Written by Muthuswamy Balasubramanyam,1 Jayashree Balasubramanyam,2 Bhagyasri Balasubramanyam3
- Madras Diabetes Research Foundation, Chennai, India
- Sankara Nethralaya, Chennai, India
- Sri Venkateswara Dental College and Hospital, Chennai, India
Whoever you are, you have the power to reduce the impact of cancer for yourself, the people you love, and for the world. It’s time to make a personal commitment. Every citizen, irrespective of where they live, should serve as an ambassador, drawing upon World Cancer Day’s theme of ‘I am and I will.’
World Cancer Day
Every year, World Cancer Day is observed on February 4th. World Cancer Day was established by the Paris Charter and adopted at the World Summit Against Cancer for the New Millennium in Paris on 4th February 2000. This Charter aimed to promote research for curing and preventing the disease, upgrade the provided services to the patients, raise global awareness, and mobilise the global community against cancer. The theme for this year’s awareness programme was ‘I am and I will.’1 World Cancer Day explored how everyone – as a collective or as individuals – can do their part to reduce the global burden of cancer. Just as cancer affects everyone in different ways, all people have the power to take various actions to reduce the impact that cancer has on individuals, families, and communities.
Cancer and Diabetes – Twin Epidemics
“We need to battle against the twin epidemics of cancer and diabetes together, and, in fact, prevention as well as control measures need to be addressed holistically for all the non-communicable diseases,” says Dr Muthuswamy Balasubramanyam. The relationship between diabetes and cancer is a topical issue. Cancer and diabetes are diagnosed within the same individual more frequently than would be expected by chance, even after adjusting for age. It is estimated that approximately 8–18% of people with cancer have concurrent diabetes, probably because of the shared risk factors between the diseases and their increasing global prevalence.2 Epidemiological data also suggest that patients with diabetes have a higher risk of developing several types of cancer, including liver, pancreatic, colorectal, gynaecologic, and breast cancer. Does this imply diabetic oncopathy3 is an emerging diabetic complication?
Oral health and cancer prevention
“Oral health may have an important role in cancer prevention,” says Dr Bhagyasri Balasubramanyam. A recent study highlighted the role of a bacteria that causes periodontitis, an inflammation of the tissues surrounding the teeth, in the development of oral cancers and certain other cancers, as well as the link between periodontitis and cancer mortality at the population level.4 “It appears that the prevention and early diagnosis of periodontitis are very important, not only for patients’ oral health but their overall wellbeing, as well as prevention of several diseases, including cancer,” adds Bhagyasri.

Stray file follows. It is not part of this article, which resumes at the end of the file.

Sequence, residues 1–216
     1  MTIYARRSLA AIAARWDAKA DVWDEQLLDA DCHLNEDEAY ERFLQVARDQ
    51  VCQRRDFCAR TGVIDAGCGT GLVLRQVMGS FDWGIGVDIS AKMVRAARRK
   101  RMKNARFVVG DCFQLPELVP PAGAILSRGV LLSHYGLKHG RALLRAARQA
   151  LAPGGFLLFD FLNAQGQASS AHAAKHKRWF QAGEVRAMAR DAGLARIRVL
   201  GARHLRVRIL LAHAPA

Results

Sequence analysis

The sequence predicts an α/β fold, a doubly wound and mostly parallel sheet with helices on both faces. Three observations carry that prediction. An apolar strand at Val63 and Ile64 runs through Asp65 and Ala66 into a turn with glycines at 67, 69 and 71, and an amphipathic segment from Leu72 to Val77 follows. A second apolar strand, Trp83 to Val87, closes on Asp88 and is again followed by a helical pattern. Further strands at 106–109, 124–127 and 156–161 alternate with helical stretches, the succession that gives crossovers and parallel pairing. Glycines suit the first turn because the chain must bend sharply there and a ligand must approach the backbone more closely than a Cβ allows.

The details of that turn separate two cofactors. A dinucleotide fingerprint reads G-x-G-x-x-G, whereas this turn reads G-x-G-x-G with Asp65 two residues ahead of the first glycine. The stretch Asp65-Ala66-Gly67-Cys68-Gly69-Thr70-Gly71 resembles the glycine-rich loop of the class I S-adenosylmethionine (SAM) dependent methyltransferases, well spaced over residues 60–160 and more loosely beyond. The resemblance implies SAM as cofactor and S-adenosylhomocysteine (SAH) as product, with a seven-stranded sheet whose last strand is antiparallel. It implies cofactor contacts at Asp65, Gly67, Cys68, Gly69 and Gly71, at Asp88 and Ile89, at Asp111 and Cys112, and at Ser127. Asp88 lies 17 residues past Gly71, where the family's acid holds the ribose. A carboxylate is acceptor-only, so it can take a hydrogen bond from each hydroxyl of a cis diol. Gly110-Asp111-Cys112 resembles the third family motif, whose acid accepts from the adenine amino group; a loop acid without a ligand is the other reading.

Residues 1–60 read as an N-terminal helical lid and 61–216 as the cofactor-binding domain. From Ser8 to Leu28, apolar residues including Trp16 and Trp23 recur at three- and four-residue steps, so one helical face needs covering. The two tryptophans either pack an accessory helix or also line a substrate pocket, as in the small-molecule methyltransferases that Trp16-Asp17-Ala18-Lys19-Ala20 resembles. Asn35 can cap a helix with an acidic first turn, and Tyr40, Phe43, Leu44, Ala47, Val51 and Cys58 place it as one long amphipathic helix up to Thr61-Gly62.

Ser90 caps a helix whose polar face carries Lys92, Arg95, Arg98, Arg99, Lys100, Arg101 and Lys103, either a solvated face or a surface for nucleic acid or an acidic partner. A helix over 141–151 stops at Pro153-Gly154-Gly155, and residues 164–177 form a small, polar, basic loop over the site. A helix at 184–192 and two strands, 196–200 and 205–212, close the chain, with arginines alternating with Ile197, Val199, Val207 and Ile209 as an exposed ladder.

Cancer stem cells and targeted therapy
“In the era of personalised medicine, as well as precision medicine, targeted therapy has become an integral part of cancer treatment in conjunction with conventional chemo and radiotherapy,” says Dr Jayashree Balasubramanyam. In recent years, the aptamer-siRNA method of systemic administration has emerged as a promising technique for delivering the siRNA to specific tumour cells and to target them for appropriate cell death. “My PhD work,5 using state-of-the-art in vitro and in vivo experiments, has demonstrated the efficacy of EpCAM Aptamer Chimeras coupled to siRNA gene silencing for targeted anti-cancer applications with special reference to the cancer context of retinoblastoma,” adds Jayashree.
Cancer Prevention is in our hands
As in the case of several non-communicable diseases, cancer prevention should be our goal. Tobacco consumption, obesity, an unhealthy diet, high alcohol intake, and physical inactivity are all known risk factors of cancer, but the good news is that they are all modifiable factors. Through investment in cancer research and innovation, we have already witnessed extraordinary breakthroughs in prevention, diagnostics, and management of the disease. The more we know, the more progress we can make in reducing risk factors; increasing prevention; and improving cancer diagnosis, prevention, treatment, and care.
- World Cancer Day. I Am and I Will. Available at: https://www.worldcancerday.org/about/2019-2021-world-cancer-day-campaign. Last accessed 5 February 2019.
- Richardson LC, Pollack LA. Therapy insight: Influence of type 2 diabetes on the development, treatment and outcomes of cancer. Nat Clin Prac Oncol. 2005;2(1):48-53.
- Balasubramanyam, M. Diabetic Oncopathy – One more yet another deadly diabetic complication! Indian J Med Res. 2014;140(1):15-8.
- Heikkilä P et al. Periodontitis and cancer mortality: Register-based cohort study of 68,273 adults in 10-year follow-up. Int J Cancer. 2018;142(11):2244-53.
- Jayashree B. EpCAM aptamer siRNA chimeras for targeted anti-cancer therapy: An in vitro and in vivo investigation [PhD Thesis]. 2018. Chennai, India: Anna University.